The Delaware River. Via Wikimedia
The Delaware River. Via Wikimedia

The Power Of Words

How a summer camp canoeing trip taught me to always speak positively.

It’s the summer after eighth grade, the glorious point in my life between graduating middle school and beginning high school. I have advanced to the Pioneers’ division at camp, and the highlight of the summer is the canoe trip down the Delaware River.

To prepare for the trip, we devoted several of our weekly activity slots to learning how to canoe. At our final practice session, we learned what to do if we fell out of our canoes. To prepare, I was supposed to “accidentally” fall out and have my partner sit on one end of the canoe while I pushed all my weight onto the opposite end in order to maneuver myself back into the canoe. Jumping out was easy, but despite my best efforts and the help of five lifeguards, I never succeeded in making it back into that canoe. Realizing that I lacked the necessary upper body strength, the lifeguards suggested that I give up and swim back to shore.

As I swam away, I overheard one of the lifeguards murmur to the other one, “I’m calling it now – she’s going to fall into the Delaware and call it quits on the spot.” It wasn’t easy to hear that. Maybe the lifeguards were right – maybe I couldn’t do it.

Eventually, the big day arrived. The combination of sunny skies and calm waters facilitated smooth sailing. When we approached the first set of rapids, we stopped paddling and let the water push us along. Our canoe was going and going – until it wasn’t. At a certain point, we realized that while the rest of the canoes were moving smoothly down the river, ours wasn’t; we were stuck on a chunk of boulders. A few minutes later, the rapids caused our canoe to tip over, we fell into the water, and I immediately wanted to give up.

I was humiliated. In psychology, a concept known as a self-fulfilling prophecy dictates that people will come to act in a certain way simply because others expect it of them. Floating in the cold water, I wondered if maybe, that gossipy lifeguard was right. Maybe I couldn’t do it. Maybe I should just quit.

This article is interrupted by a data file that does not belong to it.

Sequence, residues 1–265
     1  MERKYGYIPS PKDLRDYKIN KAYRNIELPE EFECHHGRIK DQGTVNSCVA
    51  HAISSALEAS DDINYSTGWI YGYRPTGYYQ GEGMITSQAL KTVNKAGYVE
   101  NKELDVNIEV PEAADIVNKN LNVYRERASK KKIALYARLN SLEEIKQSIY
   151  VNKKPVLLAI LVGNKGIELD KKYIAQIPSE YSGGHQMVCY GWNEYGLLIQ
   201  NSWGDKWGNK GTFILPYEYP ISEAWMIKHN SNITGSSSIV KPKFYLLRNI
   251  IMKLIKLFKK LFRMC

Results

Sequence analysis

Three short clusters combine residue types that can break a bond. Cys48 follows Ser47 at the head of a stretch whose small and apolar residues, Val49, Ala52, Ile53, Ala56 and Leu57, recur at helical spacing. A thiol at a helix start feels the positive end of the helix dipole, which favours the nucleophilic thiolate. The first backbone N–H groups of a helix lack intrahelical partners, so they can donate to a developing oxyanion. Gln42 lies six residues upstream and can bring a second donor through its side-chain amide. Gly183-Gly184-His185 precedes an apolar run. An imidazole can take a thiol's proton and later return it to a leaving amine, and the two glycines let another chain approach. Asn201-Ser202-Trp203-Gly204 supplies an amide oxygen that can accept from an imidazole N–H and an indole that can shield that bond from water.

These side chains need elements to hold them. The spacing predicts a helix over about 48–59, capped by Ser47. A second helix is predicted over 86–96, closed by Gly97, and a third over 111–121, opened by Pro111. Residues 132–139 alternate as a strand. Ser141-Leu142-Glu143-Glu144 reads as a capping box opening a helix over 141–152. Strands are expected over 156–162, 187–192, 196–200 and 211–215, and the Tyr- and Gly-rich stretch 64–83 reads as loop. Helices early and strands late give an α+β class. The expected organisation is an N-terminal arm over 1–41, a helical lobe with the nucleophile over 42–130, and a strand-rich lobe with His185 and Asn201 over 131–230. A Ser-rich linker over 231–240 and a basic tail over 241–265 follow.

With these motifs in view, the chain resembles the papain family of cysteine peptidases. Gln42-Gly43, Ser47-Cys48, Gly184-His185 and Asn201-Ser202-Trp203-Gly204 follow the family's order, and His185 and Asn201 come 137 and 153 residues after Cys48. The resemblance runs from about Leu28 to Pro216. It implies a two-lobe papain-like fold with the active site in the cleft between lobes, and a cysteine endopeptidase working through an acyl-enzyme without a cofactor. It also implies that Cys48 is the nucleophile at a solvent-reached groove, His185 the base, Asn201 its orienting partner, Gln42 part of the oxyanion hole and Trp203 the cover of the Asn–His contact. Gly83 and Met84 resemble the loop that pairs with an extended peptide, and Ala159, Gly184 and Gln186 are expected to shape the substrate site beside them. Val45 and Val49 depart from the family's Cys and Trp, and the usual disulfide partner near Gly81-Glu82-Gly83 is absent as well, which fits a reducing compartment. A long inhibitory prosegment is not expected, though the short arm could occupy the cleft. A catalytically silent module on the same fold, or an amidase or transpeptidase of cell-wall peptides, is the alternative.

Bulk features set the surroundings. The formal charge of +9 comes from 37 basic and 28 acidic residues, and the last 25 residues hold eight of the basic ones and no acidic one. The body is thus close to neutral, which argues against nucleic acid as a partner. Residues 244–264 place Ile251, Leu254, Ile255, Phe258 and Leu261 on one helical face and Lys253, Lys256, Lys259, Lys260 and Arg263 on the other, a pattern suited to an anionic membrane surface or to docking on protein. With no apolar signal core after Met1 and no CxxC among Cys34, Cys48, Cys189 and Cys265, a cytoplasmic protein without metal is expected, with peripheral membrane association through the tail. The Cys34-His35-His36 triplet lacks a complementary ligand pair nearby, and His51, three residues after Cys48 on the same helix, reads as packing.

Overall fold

And yet, somehow, I felt an impromptu need to get back into my canoe and cross the finish line. As challenging as it was, I picked myself up and did just that. I had something to prove. My partner and I managed to catch our canoe and quickly flip it over. We gathered up our soppy possessions and oars and helped each other climb back in. We were not the first group to reach the finish line, but we did eventually make it.

~~~

It’s been years since I fell out of my canoe on the Delaware River, but I haven’t forgotten the experience. That day, I learned that words can actually change the outcome of a situation. Now, I’m constantly mindful of the words I say, whether I am conversing with a friend, approaching a teacher or working with children as a counselor at the same camp I once attended. Nobody’s “ever after” deserves to be limited by someone else’s flippant comment.

In Parshat Shemot, when Moshe attempted to stop Datan and Aviram from quarreling, one of them retorted, “Who made you a man, a prince, and a judge over us? Do you plan to slay me as you have slain the Egyptian?” Moshe, worried that Pharaoh knew he had killed an Egyptian, nervously replied, “Indeed, the matter has become known!” In the very next pasuk, the Torah writes “Pharaoh heard of this incident, and he sought to slay Moshe.” The Lubavitcher Rebbe explains that Moshe’s verbalization of his fear, an ostensibly extraneous detail, is actually precisely what caused Pharaoh to find out that Moshe had killed the Egyptian. The words Moshe unthinkingly spoke turned his fear into reality.

I understand now that what happened on the Delaware River wasn’t pathetic – it was a victory. I faced my fears and drowned them in cold, rapid water. By successfully climbing back into my canoe, I proved the lifeguard wrong. Her words nearly came to fruition, but I didn’t let them. That day, I learned that speaking positively leads to good outcomes and speaking negatively leads to bad outcomes, but above all, it is important to speak with the understanding that words truly matter.

Sara Khodadadian is a senior at Stella K. Abraham High School for Girls in Hewlett, N.Y. She is a Staff Writer for Fresh Ink for Teens.nike air max 1 sale

Sara Khodadadian is a senior at Stella K. Abraham High School for Girls in Hewlett, N.Y. She is a Staff Writer for Fresh Ink for Teens.

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